Capital Region Water’s Customer Service Center is open Monday through Friday, 8:30am – 4:00pm. Customers with questions can contact Capital Region Water at 888-510-0606 or via email at info@capitalregionwater.com.

EL PROBLEMA DE AGUA POTABLE ESTA CORREGIDO

Customers of Capital Region Water were notified on Wednesday, June 1, 2022 of a problem with our drinking water and were advised to “BOIL YOUR WATER BEFORE USING”. We are pleased to report that the problem has been corrected and that it is no longer necessary to “BOIL YOUR WATER BEFORE USING”. We apologize for any inconvenience and thank you for your patience.

As always, you may contact Capital Region Water at 888-510-0606 or writing to 100 Pine Drive, Harrisburg, PA 17103 with any comments or questions. You can also visit capitalregionwater.com to learn more.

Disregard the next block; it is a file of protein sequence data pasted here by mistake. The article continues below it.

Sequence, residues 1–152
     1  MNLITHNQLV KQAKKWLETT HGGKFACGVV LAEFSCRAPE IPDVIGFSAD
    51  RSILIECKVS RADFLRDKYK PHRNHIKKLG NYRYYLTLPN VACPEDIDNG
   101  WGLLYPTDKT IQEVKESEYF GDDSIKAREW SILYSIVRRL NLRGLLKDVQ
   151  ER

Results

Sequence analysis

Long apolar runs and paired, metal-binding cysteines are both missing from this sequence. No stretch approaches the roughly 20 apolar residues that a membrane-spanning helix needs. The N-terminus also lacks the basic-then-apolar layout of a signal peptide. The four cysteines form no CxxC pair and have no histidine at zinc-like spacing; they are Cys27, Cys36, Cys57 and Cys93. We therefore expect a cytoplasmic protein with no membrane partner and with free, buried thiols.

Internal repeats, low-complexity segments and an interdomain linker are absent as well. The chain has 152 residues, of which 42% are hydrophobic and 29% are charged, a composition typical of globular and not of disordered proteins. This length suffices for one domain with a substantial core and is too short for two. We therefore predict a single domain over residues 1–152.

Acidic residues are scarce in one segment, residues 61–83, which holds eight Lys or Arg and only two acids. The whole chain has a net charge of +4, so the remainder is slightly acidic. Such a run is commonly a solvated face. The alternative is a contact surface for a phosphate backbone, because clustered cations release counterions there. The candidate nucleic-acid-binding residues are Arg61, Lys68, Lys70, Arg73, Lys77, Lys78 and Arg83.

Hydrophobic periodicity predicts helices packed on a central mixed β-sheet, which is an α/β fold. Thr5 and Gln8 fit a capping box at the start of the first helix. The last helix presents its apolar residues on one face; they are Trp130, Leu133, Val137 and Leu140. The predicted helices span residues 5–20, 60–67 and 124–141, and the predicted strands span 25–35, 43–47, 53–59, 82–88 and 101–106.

Please share this information with all the other people who drink this water, especially those who may not have received this notice directly (for example, people in apartments, nursing homes, schools, and businesses). You can do this by posting this notice in a public place or distributing copies by hand or mail.

This notice is being sent to you by Capital Region Water. PWS ID 7220049 Date distributed: 06/08/2022

BOIL YOUR WATER BEFORE USING

Hiervan el agua antes de usarla.

Este informe contiene información importante acerca de su agua potable.  Haga que alguien lo traduzca para usted, o hable con alguien que lo entienda.